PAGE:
No preview · Article · Aug 2014 · Journal of Oral and Maxillofacial Surgery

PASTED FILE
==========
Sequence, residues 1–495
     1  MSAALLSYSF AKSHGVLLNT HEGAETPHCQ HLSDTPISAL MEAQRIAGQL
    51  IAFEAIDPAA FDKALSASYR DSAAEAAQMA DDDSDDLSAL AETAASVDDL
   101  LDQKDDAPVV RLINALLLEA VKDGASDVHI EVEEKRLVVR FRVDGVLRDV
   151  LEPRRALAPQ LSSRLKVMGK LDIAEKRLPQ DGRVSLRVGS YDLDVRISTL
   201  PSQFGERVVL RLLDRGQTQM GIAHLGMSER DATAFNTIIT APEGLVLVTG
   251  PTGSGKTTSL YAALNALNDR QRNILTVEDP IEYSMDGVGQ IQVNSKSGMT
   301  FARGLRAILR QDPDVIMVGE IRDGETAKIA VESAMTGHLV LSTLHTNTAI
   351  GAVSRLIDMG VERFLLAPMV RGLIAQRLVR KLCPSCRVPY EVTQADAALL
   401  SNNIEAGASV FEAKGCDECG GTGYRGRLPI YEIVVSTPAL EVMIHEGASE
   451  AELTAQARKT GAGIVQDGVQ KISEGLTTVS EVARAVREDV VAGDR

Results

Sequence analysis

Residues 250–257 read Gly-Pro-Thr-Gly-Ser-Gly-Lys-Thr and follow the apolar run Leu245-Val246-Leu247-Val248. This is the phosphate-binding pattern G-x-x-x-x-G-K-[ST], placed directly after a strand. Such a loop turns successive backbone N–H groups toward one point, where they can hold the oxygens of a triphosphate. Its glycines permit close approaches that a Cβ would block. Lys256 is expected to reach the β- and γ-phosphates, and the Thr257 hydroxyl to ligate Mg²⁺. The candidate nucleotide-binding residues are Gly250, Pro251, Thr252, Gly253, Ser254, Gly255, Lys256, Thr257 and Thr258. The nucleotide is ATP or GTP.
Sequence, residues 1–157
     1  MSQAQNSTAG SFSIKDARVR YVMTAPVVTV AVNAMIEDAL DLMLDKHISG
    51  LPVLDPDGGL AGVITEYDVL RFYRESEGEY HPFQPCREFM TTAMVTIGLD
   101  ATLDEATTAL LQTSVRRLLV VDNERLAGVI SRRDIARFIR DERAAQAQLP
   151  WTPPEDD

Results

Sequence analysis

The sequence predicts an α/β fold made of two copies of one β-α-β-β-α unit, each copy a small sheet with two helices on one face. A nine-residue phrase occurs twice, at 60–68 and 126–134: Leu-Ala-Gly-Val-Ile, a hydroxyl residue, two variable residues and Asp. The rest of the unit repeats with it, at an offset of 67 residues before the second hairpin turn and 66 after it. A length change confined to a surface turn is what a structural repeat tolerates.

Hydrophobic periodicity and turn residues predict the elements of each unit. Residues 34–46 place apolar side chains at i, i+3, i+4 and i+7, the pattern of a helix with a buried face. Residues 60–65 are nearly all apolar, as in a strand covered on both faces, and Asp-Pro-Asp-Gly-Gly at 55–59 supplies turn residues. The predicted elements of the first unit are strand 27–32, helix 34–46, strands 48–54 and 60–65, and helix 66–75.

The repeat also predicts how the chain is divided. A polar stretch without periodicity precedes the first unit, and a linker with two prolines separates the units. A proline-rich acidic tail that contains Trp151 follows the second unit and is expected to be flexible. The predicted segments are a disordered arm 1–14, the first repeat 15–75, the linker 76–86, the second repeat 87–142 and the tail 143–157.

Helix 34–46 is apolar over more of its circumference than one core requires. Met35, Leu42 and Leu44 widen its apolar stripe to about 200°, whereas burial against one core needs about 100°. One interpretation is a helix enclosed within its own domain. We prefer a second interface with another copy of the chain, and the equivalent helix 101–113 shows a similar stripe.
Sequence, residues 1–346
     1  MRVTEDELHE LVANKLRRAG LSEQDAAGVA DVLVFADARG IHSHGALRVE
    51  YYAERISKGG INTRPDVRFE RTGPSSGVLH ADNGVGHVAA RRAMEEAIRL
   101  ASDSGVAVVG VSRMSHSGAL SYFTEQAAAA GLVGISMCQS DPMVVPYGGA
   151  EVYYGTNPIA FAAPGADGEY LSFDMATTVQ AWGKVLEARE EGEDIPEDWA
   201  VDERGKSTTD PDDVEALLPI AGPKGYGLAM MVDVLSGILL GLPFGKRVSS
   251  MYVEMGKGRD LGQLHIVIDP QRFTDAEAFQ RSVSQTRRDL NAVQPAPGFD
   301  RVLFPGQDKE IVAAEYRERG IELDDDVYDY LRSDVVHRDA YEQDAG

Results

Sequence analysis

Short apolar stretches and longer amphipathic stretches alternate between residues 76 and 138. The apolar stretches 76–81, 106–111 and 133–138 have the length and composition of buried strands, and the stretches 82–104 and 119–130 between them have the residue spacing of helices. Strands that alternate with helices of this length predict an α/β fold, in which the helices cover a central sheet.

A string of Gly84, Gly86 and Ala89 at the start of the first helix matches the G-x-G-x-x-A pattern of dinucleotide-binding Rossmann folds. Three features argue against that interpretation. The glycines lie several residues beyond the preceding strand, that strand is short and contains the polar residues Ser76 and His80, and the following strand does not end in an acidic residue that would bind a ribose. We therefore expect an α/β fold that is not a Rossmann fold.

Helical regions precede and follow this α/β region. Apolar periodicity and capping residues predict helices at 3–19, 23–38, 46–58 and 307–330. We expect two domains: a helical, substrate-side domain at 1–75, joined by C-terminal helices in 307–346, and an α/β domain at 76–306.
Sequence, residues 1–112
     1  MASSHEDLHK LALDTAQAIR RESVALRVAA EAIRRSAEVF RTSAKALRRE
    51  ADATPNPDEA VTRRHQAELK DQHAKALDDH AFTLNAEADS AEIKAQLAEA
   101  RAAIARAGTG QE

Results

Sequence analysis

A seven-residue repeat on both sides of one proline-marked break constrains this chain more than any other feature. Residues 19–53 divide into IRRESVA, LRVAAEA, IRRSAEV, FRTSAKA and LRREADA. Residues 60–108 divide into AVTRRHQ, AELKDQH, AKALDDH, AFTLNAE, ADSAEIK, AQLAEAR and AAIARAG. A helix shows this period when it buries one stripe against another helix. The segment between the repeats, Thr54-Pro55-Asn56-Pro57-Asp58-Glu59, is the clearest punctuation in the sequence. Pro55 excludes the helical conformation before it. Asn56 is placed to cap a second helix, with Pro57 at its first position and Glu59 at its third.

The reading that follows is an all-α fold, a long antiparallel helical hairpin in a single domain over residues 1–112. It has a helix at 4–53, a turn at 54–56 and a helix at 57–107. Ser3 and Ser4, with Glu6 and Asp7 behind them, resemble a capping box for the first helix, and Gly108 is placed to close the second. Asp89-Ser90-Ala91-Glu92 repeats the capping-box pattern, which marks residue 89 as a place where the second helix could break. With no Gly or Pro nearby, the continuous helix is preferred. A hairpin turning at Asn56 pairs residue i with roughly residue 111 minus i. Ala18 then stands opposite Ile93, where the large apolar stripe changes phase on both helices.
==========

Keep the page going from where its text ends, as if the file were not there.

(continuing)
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    ABSTRACT: Continuous maintenance of an appropriate position of the mandible and head purely by manual manipulation is difficult, although the maneuver can restore airway patency during sleep and anesthesia. The aim of this paper was to examine the effect of head elevation with jaw closure using a remote-controlled airbag device, such as the airbag system, on passive upper airway collapsibility during propofol anesthesia. Seven male subjects were studied. Propofol infusion was used for anesthesia induction and maintenance, with a target blood propofol concentration of 1.5–2 (mu ) g/ml. Nasal mask pressure ( ({P}_{text {N}}) ) was intermittently reduced to evaluate upper airway collapsibility (passive ({P}_{_{text {CRIT}}}) ) and upstream resistance ( ({R}_{_{text {US}}}) ) at three different head and jaw positions, jaw opening position in the supine position, jaw opening position in the sniffing position with 6-cm head elevation, and jaw closure at a 6-cm height sniffing position. The 6-cm height sniffing position with jaw closure was achieved by an airbag device that was attached to the subject’s head-like headgear. Patient demographics, ({P}_{_{text {CRIT}}}) and ({R}_{_{text {US}}}) in each condition were compared using one-way ANOVA with a post hoc Tukey test. ({rm P}<0.05) was considered significant. We also confirmed the effects of our airbag device on improvement of upper airway collapsibility in three obstructive sleep apnea patients in a clinica- study. The combination of 6-cm head elevation with jaw closure using the air-inflatable robotic airbag system decreased upper airway collapsibility ( ({P}_{_{text {CRIT}}}sim -3.4) -cm H (_{2}) O) compared with the baseline position ( ({P}_{_{text {CRIT}}}sim -0.8) -cm H (_{2}) O, ({P} = 0.0001) ). In the clinical study, there was improvement of upper airway obstruction in sleep apnea patients, including decreased apnea and hypopnea duration and increased the lowest level of oxygen saturation. We demonstrated that establishment of head elevation with jaw closure achieved by a remote-controlled airbag device using an inflatable airbag system can produce substantial decreases in upper airway collapsibility and maintain upper airway patency during propofol anesthesia and sleep.